pumpkinsPumpkin is a classic autumn vegetable. In America, where it originated, it’s a traditional part of the autumn harvest, eaten in soups, puree and the staple of Thanksgiving, the pumpkin pie. 

While not as wildly popular as it is in the US, pumpkin is still an Aussie favourite, most often making its way into a Sunday roast, pumpkin soup or those classic Queensland scones made famous by Lady Flo.

Local farmers have begun their Autumn pumpkin harvest, and there is a good variety currently available at the markets including the popular Jap, the Butternut and the Potkin – a smaller variety that tastes more like a blend of sweet potato and pumpkin (look for it at the Everest Farm stall).

If you are someone who finds cutting up pumpkin fiddly, simply cut your pumpkin in half, scoop out the seeds (save them for later) season and cover with foil and roast for about an hour and a half until the flesh is soft. Once it’s cool, you can simply scoop the flesh out and use for pumpkin scones, blend with stock, coconut milk and ginger for an easy pumpkin soup or fold in some ricotta and fresh herbs and enjoy on sourdough toast for breakfast. 

For a lunch or side salad, roast pieces of pumpkin in olive oil and salt and pepper, then toss with baby spinach leaves, toasted pine nuts or local pecans and sprinkle with Nimbin Valley feta. Dress with local honey from The Honey Wagon and balsamic vinegar.

Pumpkin seeds are highly nutritious and a great snack, so don’t throw them away. To prepare, give them a quick rinse, and rub off as much stringy pumpkin buts as possible (don’t worry too much about getting them 100 per cent clean). Dry on a tea towel, then toss in a little olive oil and salt and roast  at 150 for about 20 minutes. Eat them as a snack, sprinkle on salad or on your pumpkin soup.


The local avocado season is just kicking off, with new season avocados now available from Jumping Red Ant. Kate from The Organic Avocado will also be back at the market in the next few weeks



They may lack the flashy appeal of fruits like goji or acai berries, but apples are a fruit that truly deserve superfood status. Not only are they incredibly good for you (high in fibre, vitamin and antioxidants), they’re one of the most convenient on the go snacks around (no peeling or preparation required) are incredibly versatile in the kitchen (cakes, desserts, salads, relish, breakfast), and they’re affordable. The new apple season has recently begun, with some lovely crisp Royal Galas and Red Delicious now available from Costanzo Apples and beautiful organic apple varieties at McMahon’s Organic Apples.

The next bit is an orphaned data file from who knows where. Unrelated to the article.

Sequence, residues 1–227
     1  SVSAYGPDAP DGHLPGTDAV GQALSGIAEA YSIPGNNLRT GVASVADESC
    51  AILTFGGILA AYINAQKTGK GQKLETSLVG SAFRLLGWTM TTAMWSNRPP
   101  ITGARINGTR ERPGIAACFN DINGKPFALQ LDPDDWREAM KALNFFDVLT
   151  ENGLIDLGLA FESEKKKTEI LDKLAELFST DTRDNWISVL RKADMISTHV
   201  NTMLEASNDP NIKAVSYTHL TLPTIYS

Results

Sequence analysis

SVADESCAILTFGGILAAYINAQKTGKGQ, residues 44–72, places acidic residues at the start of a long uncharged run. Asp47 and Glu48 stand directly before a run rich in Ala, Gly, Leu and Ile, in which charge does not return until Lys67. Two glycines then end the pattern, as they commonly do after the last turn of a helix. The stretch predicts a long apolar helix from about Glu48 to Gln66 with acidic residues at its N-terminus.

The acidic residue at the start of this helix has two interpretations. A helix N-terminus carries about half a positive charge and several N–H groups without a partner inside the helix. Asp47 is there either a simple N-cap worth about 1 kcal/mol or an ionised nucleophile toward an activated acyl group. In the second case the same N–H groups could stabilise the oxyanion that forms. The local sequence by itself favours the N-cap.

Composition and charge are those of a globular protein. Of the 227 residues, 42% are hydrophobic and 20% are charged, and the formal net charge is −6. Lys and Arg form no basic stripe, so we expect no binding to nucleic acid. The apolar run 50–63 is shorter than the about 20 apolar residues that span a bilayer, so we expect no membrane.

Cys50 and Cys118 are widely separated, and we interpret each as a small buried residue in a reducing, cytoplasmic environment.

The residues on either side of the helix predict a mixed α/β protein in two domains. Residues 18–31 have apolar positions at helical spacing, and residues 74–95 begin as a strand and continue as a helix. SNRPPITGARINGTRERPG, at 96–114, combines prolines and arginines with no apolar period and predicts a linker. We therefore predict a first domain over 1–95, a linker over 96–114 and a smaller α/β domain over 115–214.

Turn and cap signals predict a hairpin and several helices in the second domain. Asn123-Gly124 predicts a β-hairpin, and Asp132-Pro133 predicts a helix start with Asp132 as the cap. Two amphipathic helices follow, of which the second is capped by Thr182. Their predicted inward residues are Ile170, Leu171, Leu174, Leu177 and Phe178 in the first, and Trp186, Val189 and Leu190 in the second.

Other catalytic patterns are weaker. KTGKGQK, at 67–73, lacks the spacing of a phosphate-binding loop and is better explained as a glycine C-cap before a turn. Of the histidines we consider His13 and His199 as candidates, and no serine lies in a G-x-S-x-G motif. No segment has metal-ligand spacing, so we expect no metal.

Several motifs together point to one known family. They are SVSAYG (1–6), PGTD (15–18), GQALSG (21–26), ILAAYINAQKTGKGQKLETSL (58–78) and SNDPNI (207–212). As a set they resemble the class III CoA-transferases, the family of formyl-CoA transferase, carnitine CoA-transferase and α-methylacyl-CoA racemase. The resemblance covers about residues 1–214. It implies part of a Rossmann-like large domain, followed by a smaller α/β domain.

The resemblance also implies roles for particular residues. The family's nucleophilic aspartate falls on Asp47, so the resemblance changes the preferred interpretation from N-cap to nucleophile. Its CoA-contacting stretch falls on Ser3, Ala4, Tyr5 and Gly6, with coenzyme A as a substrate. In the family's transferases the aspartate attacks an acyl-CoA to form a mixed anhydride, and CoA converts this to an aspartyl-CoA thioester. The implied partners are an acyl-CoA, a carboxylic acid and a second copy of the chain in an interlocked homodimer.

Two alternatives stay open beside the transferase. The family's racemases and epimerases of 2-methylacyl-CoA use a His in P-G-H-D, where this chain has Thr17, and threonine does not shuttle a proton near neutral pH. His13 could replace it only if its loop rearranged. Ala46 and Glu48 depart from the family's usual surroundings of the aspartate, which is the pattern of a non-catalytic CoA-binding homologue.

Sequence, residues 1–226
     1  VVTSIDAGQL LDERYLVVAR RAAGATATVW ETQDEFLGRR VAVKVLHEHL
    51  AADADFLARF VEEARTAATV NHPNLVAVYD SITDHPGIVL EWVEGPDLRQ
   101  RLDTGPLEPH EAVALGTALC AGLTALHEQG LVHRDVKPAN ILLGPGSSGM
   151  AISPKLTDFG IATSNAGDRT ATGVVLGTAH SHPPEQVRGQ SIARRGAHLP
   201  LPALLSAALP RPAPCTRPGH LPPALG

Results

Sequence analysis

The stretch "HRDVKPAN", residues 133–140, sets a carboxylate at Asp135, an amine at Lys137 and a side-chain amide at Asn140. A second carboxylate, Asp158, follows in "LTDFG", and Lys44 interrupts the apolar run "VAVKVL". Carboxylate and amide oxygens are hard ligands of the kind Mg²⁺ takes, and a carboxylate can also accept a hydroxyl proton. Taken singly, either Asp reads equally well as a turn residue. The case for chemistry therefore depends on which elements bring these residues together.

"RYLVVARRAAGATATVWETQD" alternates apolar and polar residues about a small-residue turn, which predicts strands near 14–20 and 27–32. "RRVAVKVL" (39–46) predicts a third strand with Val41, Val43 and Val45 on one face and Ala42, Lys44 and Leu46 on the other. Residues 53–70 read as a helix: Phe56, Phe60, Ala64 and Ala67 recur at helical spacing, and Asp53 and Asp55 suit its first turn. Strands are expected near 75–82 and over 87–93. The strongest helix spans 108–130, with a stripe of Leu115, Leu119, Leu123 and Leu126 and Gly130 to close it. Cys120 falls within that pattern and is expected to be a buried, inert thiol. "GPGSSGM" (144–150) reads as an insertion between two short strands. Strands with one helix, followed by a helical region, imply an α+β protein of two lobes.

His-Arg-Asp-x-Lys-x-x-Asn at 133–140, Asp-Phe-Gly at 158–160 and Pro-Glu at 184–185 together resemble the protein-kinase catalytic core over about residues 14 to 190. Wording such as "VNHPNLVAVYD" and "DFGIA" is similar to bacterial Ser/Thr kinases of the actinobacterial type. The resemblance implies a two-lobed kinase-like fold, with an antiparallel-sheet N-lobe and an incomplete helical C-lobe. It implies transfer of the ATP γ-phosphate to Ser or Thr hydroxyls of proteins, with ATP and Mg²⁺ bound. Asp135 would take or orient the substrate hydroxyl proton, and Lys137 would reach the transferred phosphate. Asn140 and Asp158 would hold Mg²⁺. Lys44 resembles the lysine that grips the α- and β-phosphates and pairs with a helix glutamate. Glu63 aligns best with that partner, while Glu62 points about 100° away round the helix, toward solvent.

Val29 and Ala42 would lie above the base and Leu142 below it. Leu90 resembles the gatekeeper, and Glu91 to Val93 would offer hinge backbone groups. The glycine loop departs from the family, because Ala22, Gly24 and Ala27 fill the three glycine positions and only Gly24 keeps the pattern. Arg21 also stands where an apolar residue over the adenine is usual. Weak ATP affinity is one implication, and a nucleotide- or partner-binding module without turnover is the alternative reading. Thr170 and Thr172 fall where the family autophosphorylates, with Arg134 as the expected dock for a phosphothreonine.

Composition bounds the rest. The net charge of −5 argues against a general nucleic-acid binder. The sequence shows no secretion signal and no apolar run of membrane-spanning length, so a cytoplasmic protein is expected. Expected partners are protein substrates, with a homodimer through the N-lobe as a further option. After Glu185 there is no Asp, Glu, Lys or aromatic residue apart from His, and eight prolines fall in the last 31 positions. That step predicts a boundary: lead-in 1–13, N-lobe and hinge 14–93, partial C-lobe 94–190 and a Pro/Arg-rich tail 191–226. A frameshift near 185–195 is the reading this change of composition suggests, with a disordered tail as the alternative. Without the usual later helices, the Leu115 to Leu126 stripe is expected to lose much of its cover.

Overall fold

It’s amazing how much of a difference fresh lime juice can make to a meal. A dash of lime juice on your Thai Green Curry or added to your guacamole, – it just takes food to the next level. Lime is great in drinks too – even tap water becomes something special with a dash of lime! With the local lemon season still a little way off, they also make a perfect lemon substitute in any recipe. And make sure you don’t waste the zest – grate it off before you cut the lime and then freeze it. Excellent in pasta, breadcrumbs or baked goods for some extra zing. In season and available now from Rancho Limes or Jumping Red Ant.


You’ve heard of kombucha and kefir, but what about jun? This fermented probiotic drink is based on tea (like kombucha), but instead of black tea and sugar, it uses green tea and raw honey. It has the same fizz, but a more delicate flavour, and some refer to it as ‘the champagne of kombuchas’. Numulgi citrus grower Jane Boniface, known for her fresh lime, mandarin and elderflower cordials, has developed her own version of jun, which she flavours with her home-grown elderflowers. Available at her stall, Rancho.



The popular pink -skinned dragonfruit variety is now in season locally.  The pink-skinned variety comes with two flesh colours – white flesh with black seeds or the striking magenta coloured flesh with black seeds. Both have a mild, delicate and refreshing taste that’s a little like a blend of kiwi, pear and watermelon. Dragonfruit look fantastic diced in a fruit salad, or simply chill, cut in half, add a squeeze of lime, scoop out the flesh and enjoy. Find dragonfruit at Picone Exotics and Rainbow Fruit Flats.




Delicious eaten fresh or stuffed and roasted. Capsicums available from Coopers Shoot Tomatoes, Jumping Red Ant and Everest Farm.